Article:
Simpson Law, PA | Compassionate, Convenient, Comprehensive
Simpson Law, PA | Compassionate, Convenient, Comprehensive

We are accepting Virtual / Facetime /
Phone Conference appointments

Compassionate. Convenient. Comprehensive.

Compassionate. Convenient. Comprehensive.

Photo of Suzanne B. Simpson

Options For Pets After Your Death

On Behalf of | Feb 25, 2016 | Estate Planning |

What would happen to your pets if they outlive you?

You’re an animal lover. You have one or more beloved pets. You give them the best care you can and you know your animals are happy. But do you have a plan for what would happen to your pets if they should outlive you?

The majority of pet owners never plan for this. It’s not generally a topic that is discussed with any frequency or urgency in spite of the fact that over 100,000 animals1 are sent to shelters each year in the United States after their owners have passed on and not left a plan in place to care for their pets. These poor animals then contribute to the overburdened animal shelter system, where they risk being put down if the shelter cannot find a home for them or they live out the rest of their lives in the shelter because they may be too old for adopters to be interested.

So what are your options for providing care to your animals after your death?

Create a Trust

You can now create a trust for your pets. Maryland enacted a pet trust law on October 1, 2009 which allows owners to create a trust in order to provide care to an animal or animals alive during the owner’s lifetime and which outlive the owner. There are two types of trusts that specifically deal with pets: an inter vivos trust (also known as a living trust) and a testamentary trust2. An inter vivos trust is one that is established during your lifetime and may be used to provide care to pets during any periods of incapacity or immediately upon your death. The funds are administered separately from your retained assets and tax returns may be required. A testamentary trust is effective only after your death and there may be an interval after your passing before the funds can be used. Funds are also transferred to the trust only after your death; no funds may be transferred beforehand.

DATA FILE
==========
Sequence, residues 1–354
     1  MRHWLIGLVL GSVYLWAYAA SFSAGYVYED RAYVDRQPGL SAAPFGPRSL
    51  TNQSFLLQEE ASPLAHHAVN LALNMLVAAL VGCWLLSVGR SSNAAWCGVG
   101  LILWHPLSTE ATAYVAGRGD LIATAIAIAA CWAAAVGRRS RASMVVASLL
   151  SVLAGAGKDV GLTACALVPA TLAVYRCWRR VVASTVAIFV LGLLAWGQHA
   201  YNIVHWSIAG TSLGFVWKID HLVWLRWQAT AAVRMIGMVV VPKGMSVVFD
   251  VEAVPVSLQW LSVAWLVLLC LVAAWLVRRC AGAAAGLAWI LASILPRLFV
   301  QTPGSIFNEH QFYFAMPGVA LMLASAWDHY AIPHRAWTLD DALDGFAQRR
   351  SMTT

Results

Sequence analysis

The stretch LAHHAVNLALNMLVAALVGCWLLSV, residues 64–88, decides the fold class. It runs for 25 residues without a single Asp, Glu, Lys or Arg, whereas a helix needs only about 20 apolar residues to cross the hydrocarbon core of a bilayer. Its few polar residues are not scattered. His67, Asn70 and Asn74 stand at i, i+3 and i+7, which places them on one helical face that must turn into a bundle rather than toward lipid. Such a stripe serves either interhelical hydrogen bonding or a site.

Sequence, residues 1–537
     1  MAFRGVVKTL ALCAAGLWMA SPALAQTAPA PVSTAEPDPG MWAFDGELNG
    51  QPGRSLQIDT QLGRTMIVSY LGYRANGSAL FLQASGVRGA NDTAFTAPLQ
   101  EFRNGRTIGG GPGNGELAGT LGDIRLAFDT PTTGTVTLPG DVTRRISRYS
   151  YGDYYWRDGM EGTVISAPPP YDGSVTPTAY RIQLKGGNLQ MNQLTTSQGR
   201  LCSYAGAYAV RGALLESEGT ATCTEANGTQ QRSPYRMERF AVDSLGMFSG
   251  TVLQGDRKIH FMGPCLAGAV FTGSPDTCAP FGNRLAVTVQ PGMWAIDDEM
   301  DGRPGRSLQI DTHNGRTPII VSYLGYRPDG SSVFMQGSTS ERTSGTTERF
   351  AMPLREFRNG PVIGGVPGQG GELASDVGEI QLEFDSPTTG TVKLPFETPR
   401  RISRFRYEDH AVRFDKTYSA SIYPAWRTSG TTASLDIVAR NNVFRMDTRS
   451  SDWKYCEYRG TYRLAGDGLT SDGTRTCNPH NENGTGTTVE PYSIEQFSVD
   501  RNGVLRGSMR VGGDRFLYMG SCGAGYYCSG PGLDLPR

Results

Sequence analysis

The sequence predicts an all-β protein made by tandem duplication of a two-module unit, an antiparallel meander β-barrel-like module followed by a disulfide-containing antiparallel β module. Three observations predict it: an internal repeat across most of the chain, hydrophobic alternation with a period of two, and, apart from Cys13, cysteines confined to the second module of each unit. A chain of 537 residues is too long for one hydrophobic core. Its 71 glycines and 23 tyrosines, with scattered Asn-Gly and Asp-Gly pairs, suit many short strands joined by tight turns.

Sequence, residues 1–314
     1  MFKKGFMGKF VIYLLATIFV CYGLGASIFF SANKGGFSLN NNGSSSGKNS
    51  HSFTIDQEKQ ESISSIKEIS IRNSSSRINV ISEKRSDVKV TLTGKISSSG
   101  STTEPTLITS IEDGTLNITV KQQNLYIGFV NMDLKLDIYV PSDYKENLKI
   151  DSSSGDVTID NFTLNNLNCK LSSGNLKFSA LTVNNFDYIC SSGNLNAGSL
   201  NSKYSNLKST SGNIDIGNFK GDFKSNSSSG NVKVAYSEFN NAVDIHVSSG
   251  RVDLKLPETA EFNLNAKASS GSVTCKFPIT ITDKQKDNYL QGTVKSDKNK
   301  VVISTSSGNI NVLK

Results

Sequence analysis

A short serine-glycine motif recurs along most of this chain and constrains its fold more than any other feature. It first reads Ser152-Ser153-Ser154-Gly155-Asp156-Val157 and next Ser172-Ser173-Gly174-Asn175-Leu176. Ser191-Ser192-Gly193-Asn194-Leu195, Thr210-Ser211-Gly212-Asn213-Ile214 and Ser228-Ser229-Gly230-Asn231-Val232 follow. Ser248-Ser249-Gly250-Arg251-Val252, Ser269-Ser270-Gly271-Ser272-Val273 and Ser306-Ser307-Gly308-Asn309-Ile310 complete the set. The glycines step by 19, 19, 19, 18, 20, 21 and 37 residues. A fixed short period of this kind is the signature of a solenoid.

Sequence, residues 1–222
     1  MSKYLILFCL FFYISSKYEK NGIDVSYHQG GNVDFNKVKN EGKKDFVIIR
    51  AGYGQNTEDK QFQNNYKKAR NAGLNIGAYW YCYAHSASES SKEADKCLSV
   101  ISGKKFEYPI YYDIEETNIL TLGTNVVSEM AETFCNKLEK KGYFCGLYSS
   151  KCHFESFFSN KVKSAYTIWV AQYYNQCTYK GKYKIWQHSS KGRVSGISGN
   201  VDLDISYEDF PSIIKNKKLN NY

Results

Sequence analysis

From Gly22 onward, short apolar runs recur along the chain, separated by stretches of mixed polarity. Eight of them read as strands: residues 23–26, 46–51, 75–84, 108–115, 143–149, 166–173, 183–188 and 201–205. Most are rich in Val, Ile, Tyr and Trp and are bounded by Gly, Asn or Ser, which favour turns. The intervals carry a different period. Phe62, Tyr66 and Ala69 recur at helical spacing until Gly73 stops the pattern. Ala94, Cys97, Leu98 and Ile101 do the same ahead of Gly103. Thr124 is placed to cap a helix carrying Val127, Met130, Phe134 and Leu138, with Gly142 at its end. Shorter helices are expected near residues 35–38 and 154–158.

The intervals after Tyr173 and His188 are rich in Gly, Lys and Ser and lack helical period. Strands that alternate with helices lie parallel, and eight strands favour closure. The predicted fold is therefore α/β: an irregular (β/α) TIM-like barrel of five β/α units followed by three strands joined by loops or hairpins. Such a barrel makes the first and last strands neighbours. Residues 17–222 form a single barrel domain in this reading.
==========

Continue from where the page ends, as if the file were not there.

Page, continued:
When creating a trust, you would need to name a trustee to manage the trust and also a caregiver or multiple caregivers for your pet in the event of your death. You will need to decide how the trust funds would be spent and describe what the caregiver’s obligations would be, which could even include your pet’s preferences and likes or dislikes.

You would also need to determine not only how to fund the trust, but how much would be required. If your pet is ten years old at the time of your death, they could in theory live another ten years if cared for well. How much money would be needed to provide for your pet for that long? Would the caregiver be paid for taking care of the animal(s)? You would need to calculate out estimates for food, veterinary care, boarding or pet sitting if the caregiver goes on vacation or is ill, toys or items to keep your pet happy and entertained, etc.

Include Pets in Your Estate Plans

Another way to establish care during periods of incapacity or in the event of your death is to specifically include your pets in your estate planning. Powers of attorney may be used to authorize an appointed caregiver to care for your pets if you are unable to do so. You can have your estate plans authorize an executor to spend money from your estate to care for your pets or companion animals in the short-term or to find them a new home if you don’t want them to go to any family or friends, or if you have no one who would be able or willing to provide care for your pets. You can select and establish emergency caregivers (usually trusted and responsible friends or family) who can care for or collect your pets during an emergency, such as an extended hospital visit. However, these measures are intended for short-term care. They do not necessarily take into account long-term care. For that, you would need to consider including decisions regarding your pets in your Last Will and Testament or consider establishing a trust.

To determine what the best options are for your particular situation, or to find out more about the options described above, it’s best to talk to an estate planning lawyer.

1 “Backup Plan.” All Animals Magazine. July/August 2013. Accessed at

2 “Pet Trusts.” Washington Animal Rescue League.